If I have a sequence of type List[A], I am effectively asserting two things. First, my algorithm (and data) is entirely stack-structured. Second, I am asserting that the only things I’m going to do with this collection are full, O(n) traversals. These two really go hand-in-hand. Conversely, if I have something of type Vector[A], the only thing I am asserting is that my data has a well defined order and a finite length. Thus, the assertions are weaker with Vector, and this leads to its greater flexibility.

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Thank you - this is exactly what I was looking for – Duncan McGregor Aug 7 '11 at 16:41
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2.10 has been out for a while now, is the List pattern matching still better than Vector? – Tim Gautier Mar 8 '14 at 21:33
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The list pattern matching is not better anymore. In fact, it's quite the contrary. For example, to get head and tail one can do case head +: tail or case tail :+ head. To match against empty, you can do case Seq() and so forth. Everything you need is there in the API, which is more versatile than List's – Kai Sellgren Mar 13 '14 at 19:43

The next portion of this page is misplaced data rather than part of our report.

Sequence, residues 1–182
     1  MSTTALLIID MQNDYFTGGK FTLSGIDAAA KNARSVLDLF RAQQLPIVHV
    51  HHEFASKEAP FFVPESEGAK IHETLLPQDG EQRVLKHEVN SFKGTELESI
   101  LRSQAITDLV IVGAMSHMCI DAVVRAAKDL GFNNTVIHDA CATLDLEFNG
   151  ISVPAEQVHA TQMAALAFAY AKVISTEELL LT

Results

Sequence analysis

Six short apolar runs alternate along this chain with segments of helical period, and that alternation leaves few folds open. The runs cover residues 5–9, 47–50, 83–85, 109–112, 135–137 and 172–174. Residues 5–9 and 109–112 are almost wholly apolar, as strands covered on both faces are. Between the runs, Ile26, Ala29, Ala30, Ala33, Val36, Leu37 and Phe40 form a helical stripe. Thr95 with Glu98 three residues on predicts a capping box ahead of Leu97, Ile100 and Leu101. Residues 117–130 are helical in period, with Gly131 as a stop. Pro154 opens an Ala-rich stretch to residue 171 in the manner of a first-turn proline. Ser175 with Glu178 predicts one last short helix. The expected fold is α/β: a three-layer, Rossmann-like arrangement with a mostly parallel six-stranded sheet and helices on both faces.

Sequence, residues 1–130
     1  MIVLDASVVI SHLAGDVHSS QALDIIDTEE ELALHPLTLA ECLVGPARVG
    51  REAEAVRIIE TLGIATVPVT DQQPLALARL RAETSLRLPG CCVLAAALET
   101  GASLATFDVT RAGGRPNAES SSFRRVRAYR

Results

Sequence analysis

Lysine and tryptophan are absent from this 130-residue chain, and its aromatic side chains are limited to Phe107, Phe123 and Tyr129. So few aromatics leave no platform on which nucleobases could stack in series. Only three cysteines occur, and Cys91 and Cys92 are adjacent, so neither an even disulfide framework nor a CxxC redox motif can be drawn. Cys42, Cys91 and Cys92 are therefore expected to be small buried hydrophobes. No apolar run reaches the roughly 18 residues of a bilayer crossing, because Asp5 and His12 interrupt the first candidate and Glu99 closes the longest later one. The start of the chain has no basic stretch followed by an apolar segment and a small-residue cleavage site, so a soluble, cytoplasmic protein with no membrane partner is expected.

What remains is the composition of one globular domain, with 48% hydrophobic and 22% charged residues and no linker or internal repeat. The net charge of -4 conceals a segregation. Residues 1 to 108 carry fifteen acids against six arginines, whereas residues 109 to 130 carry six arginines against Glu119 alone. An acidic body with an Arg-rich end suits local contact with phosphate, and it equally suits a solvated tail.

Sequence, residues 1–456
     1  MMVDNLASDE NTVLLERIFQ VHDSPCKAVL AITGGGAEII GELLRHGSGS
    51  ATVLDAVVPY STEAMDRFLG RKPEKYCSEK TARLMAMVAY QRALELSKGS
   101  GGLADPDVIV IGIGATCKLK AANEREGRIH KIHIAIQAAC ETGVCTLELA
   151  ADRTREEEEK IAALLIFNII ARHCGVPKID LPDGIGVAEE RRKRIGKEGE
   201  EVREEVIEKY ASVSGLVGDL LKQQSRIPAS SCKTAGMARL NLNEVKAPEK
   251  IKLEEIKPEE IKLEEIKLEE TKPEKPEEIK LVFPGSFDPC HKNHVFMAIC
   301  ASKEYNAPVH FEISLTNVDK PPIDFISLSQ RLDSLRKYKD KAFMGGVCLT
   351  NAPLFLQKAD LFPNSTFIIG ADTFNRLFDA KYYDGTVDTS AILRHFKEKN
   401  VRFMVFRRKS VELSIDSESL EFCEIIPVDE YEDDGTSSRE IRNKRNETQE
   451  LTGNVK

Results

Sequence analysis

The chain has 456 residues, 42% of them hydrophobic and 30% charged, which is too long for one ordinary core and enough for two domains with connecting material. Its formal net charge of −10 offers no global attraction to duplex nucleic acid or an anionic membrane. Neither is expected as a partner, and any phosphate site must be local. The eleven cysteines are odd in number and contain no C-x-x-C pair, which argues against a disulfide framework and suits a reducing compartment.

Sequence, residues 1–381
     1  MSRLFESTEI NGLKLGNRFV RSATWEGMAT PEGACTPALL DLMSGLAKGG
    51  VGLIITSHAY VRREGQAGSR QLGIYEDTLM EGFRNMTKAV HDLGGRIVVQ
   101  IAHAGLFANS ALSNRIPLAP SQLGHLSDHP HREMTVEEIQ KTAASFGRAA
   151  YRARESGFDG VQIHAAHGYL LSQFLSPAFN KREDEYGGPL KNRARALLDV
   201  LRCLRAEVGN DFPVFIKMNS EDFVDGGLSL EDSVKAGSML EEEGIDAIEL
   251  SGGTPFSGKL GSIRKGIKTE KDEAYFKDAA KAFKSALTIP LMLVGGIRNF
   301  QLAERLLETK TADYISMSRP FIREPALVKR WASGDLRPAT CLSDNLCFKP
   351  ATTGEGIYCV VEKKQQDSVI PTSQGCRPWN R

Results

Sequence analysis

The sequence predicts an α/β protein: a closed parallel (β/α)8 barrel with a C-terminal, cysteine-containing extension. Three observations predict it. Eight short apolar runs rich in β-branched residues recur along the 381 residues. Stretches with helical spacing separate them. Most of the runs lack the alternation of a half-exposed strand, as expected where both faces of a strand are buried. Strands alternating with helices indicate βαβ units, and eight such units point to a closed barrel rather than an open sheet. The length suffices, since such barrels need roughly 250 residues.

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@JosiahYoder It is implemented nothing like ArrayList. ArrayList wraps an array which it dynamically resizes. Vector is a trie, where the keys are the indexes of values. – John Colanduoni Sep 9 '15 at 22:28
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I apologize. I was going on a web-source that was vague about the details. Should I correct my earlier statement? Or is that bad form? – Josiah Yoder Sep 10 '15 at 20:20

Well, a List can be incredibly fast if the algorithm can be implemented solely with ::, head and tail. I had an object lesson of that very recently, when I beat Java's split by generating a List instead of an Array, and couldn't beat that with anything else.

However, List has a fundamental problem: it doesn't work with parallel algorithms. I cannot split a List into multiple segments, or concatenate it back, in an efficient manner.

There are other kinds of collections that can handle parallelism much better -- and Vector is one of them. Vector also has great locality -- which List doesn't -- which can be a real plus for some algorithms.